39 Houses Left.
#42 was 3964 Celburne, the portion of the street that was close to Brumley. Since I am on the theme from prior posts, I also sold them girl scout cookies. There were LOTS of boys in the neighborhood (some swore there was something with the water), and a couple boys closer to my sister’s age lived at this house. I didn’t know them very well at all, but I am glad the family bought cookies from me nevertheless. How else would I have gone to Girl Scout Camp and won a badge and a dolly? Thank you, cookie eating primarily-male families of Bridgeton.
On a more serious note, this house never did sit right with me after one event. I don’t really know if this house was even the right home, but it was close enough to have been seriously affected.
The house was on the same side of Celburne as Carrollton Elementary and also backed up to Highway 270. When I was young, there was a death of a boy who lived on Celburne, who lived near the school. Since it happened 20 years ago, I don’t remember all the details, but I do remember it had something to do with the little boy climbing a fence near the school and getting onto the highway. I did not actually go to Carrollton (I went to a school for nerds), so I never knew who it was, or exactly which house he lived. I need to find out more about this story I had not thought about in recent years until I saw this house in the middle of demolition. There were three houses that could have been his, and this was one definitely one of the three. On the grounds where Carrollton Elementary once was, there is still a 20 year old tree that was planted in his name.
#41 and 40: 12777 and 12773 Woodford Way were next door neighbors, taken on the same day, one after the next. Although different in design, they were probably built together and they both came down together inside orange fencing surrounding the two. It was a spectacular site to see the bulldozer flatten 12773, roll over its remains, and hungrily gnaw into the side of 12777. Although it took about 20 minutes to take out both, it felt like only 5.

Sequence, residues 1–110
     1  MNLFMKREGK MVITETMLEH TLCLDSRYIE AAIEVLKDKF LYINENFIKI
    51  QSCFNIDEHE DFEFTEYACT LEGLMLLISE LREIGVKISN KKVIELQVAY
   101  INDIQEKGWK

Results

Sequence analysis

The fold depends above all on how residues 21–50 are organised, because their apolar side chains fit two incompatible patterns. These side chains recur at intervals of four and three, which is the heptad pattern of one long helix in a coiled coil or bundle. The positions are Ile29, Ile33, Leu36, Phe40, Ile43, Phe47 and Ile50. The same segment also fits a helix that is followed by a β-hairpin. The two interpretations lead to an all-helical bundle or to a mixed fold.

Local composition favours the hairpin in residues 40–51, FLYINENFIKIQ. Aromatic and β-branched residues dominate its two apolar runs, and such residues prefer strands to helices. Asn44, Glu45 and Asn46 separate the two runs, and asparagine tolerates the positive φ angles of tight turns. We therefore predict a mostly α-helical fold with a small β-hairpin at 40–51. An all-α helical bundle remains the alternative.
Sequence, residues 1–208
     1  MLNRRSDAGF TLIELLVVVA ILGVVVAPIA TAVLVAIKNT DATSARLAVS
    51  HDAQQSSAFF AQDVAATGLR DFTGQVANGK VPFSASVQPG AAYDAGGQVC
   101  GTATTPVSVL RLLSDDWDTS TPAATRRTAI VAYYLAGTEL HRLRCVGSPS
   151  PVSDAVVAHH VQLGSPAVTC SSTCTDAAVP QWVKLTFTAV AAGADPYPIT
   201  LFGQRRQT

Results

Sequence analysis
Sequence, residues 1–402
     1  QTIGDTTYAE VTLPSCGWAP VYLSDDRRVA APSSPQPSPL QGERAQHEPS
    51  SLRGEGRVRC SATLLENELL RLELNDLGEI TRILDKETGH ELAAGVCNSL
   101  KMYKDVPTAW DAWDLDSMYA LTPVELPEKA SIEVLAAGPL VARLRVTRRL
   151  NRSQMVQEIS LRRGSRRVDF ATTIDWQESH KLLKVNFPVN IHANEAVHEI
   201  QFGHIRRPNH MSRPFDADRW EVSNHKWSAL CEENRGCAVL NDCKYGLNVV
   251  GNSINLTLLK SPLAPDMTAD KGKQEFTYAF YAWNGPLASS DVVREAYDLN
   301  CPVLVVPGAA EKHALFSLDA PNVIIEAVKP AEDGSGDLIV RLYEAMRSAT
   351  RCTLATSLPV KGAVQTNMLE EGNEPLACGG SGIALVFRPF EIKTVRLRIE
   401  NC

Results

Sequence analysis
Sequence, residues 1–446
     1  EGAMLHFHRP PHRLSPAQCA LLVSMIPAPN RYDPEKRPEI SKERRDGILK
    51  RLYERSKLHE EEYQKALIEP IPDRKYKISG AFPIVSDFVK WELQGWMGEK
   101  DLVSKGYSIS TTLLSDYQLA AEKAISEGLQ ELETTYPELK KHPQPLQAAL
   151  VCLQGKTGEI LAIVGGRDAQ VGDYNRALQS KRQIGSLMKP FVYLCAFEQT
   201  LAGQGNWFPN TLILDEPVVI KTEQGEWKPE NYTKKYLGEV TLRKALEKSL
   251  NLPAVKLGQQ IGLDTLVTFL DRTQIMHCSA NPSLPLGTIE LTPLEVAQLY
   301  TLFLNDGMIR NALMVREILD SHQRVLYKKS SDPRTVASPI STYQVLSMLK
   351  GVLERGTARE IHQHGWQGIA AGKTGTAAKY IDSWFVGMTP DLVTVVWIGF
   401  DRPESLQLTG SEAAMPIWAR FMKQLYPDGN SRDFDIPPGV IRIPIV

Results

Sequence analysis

Maybe it is strange for one to study all the nuances of a neglected building, to become intimate in knowledge of its every broken pane and hallway carpet stain. Stranger still, to fall in love with its compositions created from looking through angled and webbed glass to dirty chandeliers dangling for dear life. Strangest of all to become excited, alive to watch the very spot that gave me so much beauty get crushed beyond recognition in minutes, becoming more exhilarated with each splitting crunch.
12777 gave me some of the best images I have, ones I want to use in future art shows. Yet, when it was destroyed the day after Christmas I felt like Lambert was giving me and this house both a grand Christmas present. For me, the gift was the time to say goodbye to a dear friend in witnessing a crazy, two-house demolition send-off. For the house itself, Lambert was giving it what it desperately needed- time to be laid to rest.
Like all the cute, neat, well-kept houses of Carrollton, this one in its prime was no exception. In fact, it probably had more finer, ornate details than most. Yet, almost as soon as the asbestos tags went on, so too was it game time for destruction. Five houses within the block somehow lost its posts in the same weekend. When the posts came down, so too did the facade overhangs, and this house was one of the victims. There were tire ruts in each of the yards, and some of the posts were dragged around the neighborhood. I could be wrong, and it could have just been a natural occurrence, but it seems to me that someone might have tied up the posts and had quite a game pulling out posts of 5 separate houses. I am sure its just me… after all, the area is being patrolled and managed quite well.
12773 Woodford was, at first, not very exciting at all. In fact, I was drawn more to its exquisite and better landscaped brother for most of my photography of Woodford Way. I have been wrong before as this house proved to be quite the gem. First, it had the most amazing, broken and hacked up side door that made for some great compositions. Next, one can never go wrong with a commode in the foyer. To add spice to the terrific flavor of the manor, the foyer itself was wallpapered with a deciduous forest mural, complete with an omnipotent portrait of a white tail deer. This many-pointed buck with a fine rack would forever stare at the viewer, daring it to shoot. Full of awesome indeed.